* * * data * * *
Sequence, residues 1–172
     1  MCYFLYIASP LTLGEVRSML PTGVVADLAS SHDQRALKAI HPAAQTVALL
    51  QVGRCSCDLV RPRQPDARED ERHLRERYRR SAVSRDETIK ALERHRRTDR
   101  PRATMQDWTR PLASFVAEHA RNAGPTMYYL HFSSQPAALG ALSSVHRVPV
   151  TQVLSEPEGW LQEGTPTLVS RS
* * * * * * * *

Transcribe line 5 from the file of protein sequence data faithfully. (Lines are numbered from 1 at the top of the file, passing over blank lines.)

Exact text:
   151  TQVLSEPEGW LQEGTPTLVS RS